I will not soon forget the voice of that angry gentleman.
Some people were pouring their hearts out.
To a rhythm that needed utmost concentration.
Someone was doing so by snapping the fingers, someone by clapping, someone by playing the guitar, someone by drumming on a box, someone by singing, and someone by dancing.
In a jazz-like performance going crescendo trying to read each others’ direction.
And my friend and me were chatting as though it was just some tea-room wallpaper sound.
That was 10 years ago and I’m so happy that this moment gave me at least the drive to learn more about flamenco, all the way up to joining a master class in zapateado (footwork).
Flamenco… an eye-opener for the body
Over a dozen ‘palos’ or styles: from the happier ‘alegria‘ and ‘rumba‘ to the buleria and tango and fandango.
From hands to instruments to voice to dancing… arguably the most complete art form of the world.
In Western and Northern Europe we can do the rhythms 1-2-1-2 (‘boom boom music’) and 1-2-3 (Waltz) and that’s about it. So it’s only normal if you throw in the towel after one flamenco lesson. You just try;
Buena suerte (good luck) to you. It took me a week to be even able to clap this. And that involved clapping during dog walks and commutes to Malaga and walking in alleys (in Andalusia you don’t care, hardly anyone would find that too strange).
But, but, but, but I’m so happy I can do it now. As with a different language, something else seems to have opened in me. An eye-opener but then for the body.
And so it is that I might know quite a few foreigners who started dance classes from salsa to cha-cha, but none are as passionate and driven as those who follow flamenco.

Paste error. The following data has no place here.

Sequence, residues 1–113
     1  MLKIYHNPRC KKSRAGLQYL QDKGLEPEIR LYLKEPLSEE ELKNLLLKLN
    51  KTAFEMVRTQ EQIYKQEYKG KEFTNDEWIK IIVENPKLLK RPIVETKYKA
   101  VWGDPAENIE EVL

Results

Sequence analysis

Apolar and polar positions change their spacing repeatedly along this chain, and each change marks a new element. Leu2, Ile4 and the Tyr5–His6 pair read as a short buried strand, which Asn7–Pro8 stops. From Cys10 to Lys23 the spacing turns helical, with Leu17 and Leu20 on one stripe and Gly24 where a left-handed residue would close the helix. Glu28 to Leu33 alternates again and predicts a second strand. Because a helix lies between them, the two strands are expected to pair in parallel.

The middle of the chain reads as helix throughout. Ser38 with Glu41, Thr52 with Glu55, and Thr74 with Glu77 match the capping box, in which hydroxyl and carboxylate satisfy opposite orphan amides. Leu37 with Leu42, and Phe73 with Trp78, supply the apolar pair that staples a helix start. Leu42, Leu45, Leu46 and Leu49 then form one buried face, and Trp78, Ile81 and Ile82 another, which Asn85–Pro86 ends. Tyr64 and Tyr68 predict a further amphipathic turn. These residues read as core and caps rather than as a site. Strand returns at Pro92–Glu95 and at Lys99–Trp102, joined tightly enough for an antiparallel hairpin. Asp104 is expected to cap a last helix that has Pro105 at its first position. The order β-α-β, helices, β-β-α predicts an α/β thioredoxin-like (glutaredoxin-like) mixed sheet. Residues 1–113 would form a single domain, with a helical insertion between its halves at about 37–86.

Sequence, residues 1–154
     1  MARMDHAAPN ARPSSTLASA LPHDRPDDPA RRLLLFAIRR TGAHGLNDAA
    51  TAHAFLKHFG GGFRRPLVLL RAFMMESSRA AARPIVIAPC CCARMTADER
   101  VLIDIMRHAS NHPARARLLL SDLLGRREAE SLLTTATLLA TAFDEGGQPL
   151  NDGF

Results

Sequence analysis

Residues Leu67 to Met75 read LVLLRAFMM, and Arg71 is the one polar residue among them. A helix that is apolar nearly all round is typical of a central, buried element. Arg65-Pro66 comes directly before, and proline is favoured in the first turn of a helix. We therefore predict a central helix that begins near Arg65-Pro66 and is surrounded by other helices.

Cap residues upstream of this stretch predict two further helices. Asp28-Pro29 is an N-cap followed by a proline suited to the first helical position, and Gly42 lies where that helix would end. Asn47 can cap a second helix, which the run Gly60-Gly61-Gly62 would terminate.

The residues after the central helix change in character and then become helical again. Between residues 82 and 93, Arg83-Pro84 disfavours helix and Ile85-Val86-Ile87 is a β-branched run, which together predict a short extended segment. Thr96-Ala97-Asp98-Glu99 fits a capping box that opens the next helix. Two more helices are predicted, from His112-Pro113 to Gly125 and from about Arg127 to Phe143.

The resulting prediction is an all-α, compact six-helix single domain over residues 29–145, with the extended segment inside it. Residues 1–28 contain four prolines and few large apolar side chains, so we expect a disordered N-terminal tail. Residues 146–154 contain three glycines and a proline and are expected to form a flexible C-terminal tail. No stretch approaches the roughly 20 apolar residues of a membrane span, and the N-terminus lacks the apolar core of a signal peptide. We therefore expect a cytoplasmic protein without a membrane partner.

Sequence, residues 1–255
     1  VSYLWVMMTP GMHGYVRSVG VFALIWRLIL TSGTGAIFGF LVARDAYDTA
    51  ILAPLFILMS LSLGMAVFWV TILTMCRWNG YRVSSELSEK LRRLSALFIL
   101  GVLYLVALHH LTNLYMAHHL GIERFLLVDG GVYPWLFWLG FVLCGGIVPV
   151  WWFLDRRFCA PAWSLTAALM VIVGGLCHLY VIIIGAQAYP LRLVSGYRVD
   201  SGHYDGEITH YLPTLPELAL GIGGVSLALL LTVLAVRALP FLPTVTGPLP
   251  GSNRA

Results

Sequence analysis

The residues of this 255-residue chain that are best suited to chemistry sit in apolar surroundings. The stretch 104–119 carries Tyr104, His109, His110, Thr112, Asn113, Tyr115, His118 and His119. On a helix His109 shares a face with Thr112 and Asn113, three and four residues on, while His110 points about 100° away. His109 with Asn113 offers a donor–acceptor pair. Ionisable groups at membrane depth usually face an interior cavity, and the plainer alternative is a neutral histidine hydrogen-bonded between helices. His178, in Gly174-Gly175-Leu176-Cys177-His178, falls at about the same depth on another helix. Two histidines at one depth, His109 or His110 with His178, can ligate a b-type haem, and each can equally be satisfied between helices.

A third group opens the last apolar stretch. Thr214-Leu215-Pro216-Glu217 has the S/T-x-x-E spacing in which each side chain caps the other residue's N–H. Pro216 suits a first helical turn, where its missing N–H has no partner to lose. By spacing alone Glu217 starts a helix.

This 5 minute video gives you all the time to learn it yourself: The Compass of Buleria.
In the 21st century flamenco has been much more boxed in, the music and the performances have been much more studied.
Often losing it’s original freewheeling quality, the going with the flow of the emotion of NOW, the telling of something that happened today.
When a billboard tells you ‘Flamenco concert at 10PM‘, well, that in itself tells you it’s a modern, perhaps even ‘touristy’ performance. There’s nothing spontaneous or little emotional about it.
That being said: the traditional flamenco is still there: if you happen to see it grow or be part of it, jump to the occasion! Man walking into a bar with a guitar… wait! You just don’t know what thing of beauty will develop.
If you want to know more about flamenco: go to the local ‘Peña Flamenco‘ – to be pronounced as ‘Penja Flamenco’. This is the bar and Cheers of the local flamenco association. Or search for the flamenco school in the most nearby city.